‘Spotlight’ demands attention with powerful, affecting drama

By Isaac Simon

Official "Spotlight Movie" Facebook Page
(Official “Spotlight Movie” Facebook Page)

“Spotlight” is a riveting  film about a personal topic that gets to the heart of privacy and power. Directed by Tom McCarthy, who also co-wrote the script with Josh Singer, the film explores The Boston Globe’s investigation of sexual abuse of minors within the Boston archdiocese, which was published in 2002. The abuse scandal, although it was uncovered relatively recently, dates back to the 1970s.

The Globe’s Spotlight team set out to investigate the scandal, doing its best to uncover guilty priests and bishops, document the Catholic Church’s systemic history of wrongdoing and interview the individuals who fell victim to this terrible tragedy.

The first figure that seems to catch the Spotlight team’s attention is 13 – the alleged number of Boston priests that sexually abused boys and girls. After learning that the archdiocese has requested that documents containing the names of many more be sealed, the team goes hunting. After a trial and a mandated court order publicly releases the documents, the number jumps from 13 to 87,  and countless victim testimonials follow.

The investigative team is comprised of Mike Rezendes, (Mark Ruffalo) Walter Robinson, (Michael Keaton) Sacha Pfeiffer, (Rachel McAdams) and Matt Carroll (Brian d’Arcy James) Their process for much of the film is slow going. Victims are initially slow to come forward, lawyers are bound by confidentiality agreements and every journalist is conscious and aware of the largely Catholic readership that subscribes to the Globe.

Many victims consider themselves survivors, not only because of what was done to them but also how they have chosen to live and overcome their troubled past. When Spotlight sits down in their office with the first victim, they discover the introduction to a systemic problem, one often overlooked because of the efforts of a tyrannical and abusive archdiocese. These victims were not only physically abused but also spiritually abused. For them, they thought their suffering was part of God’s plan.

The editor-in-chief, Marty Baron, (Liev Schreiber) believes this is a problem that infects the Church from the top down. He is quick to disagree with some of the journalists,  trying his best to communicate that this problem is systematic more than anything else. The film illuminates the fact that victims’ silence is a byproduct of the church’s power in Boston.

The Spotlight team is given orders to suspend its investigation in the wake of the terrorist attacks on Sept. 11, 2001, after which the Globe’s entire newsroom is ordered to halt all journalistic ventures beyond coverage of the tragic events. The timing of these events feels especially important in the film.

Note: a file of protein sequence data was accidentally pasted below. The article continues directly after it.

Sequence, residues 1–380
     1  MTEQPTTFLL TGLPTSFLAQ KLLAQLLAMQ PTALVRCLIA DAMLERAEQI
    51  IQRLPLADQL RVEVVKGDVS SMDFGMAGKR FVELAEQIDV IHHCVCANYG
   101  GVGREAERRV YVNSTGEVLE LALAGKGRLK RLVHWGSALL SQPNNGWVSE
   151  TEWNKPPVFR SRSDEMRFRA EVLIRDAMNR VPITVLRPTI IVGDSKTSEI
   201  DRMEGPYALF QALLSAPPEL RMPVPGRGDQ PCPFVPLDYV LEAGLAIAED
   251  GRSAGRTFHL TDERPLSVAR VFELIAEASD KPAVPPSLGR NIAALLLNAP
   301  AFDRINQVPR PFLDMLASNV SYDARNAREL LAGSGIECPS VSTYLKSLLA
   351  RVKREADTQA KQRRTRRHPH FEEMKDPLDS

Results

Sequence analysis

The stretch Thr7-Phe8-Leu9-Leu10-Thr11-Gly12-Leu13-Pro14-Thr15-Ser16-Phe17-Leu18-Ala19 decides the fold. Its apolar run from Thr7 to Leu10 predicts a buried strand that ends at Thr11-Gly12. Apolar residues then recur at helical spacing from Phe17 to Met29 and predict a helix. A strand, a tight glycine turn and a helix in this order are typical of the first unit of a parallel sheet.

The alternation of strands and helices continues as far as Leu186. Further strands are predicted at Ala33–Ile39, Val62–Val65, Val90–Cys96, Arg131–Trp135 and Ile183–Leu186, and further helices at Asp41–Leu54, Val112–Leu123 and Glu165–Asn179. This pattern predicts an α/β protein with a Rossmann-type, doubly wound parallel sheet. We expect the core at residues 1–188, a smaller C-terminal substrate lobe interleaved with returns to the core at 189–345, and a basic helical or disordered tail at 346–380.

While the United States was grieving, millions of Americans turned to religion as a place to find comfort and solace. “Spotlight” brings our attention to the countless individuals who couldn’t grieve and find closure because of the way they were personally victimized. The members of the Spotlight team feel (rightfully so) that the victims’ grief takes precedent over the potential healing powers of the church.

Ruffalo gives a stellar performance as a mistrustful yet totally dedicated journalist. His acting communicates journalistic honesty. He comes to display fearlessness in a community that wants to keep this issue very quiet and under wraps. The same can be said for McAdams, who also  delivers a flawless performance.

Schreiber’s performance though, is subpar. As a fresh editor-in-chief, he comes off as weak and removed. While his intentions are good, his character seems to lack dedication in the midst of finding the truth.

The film would be disturbing even if it were not based on a true story. That these events actually took place and was so widespread is, of course, even more troubling. “Spotlight” sheds light on the power of religion and the relentless and ongoing effort necessary to stop further abuse. It is a testament to the efficacy and ethics of investigative journalism.

“Spotlight” is a hugely compelling film, a narrative tour de force that sheds light on a subject that deserves more attention. Perhaps the most striking part of the film was the very end, at which point title cards appeared that listed cities all over the world where major abuse scandals in Catholic churches have been uncovered. The number of cities runs into the hundreds. Ultimately, the film illuminates abuse through a journalistic lens and becomes a testament to the power of the individual.

Isaac Simon can be reached at [email protected]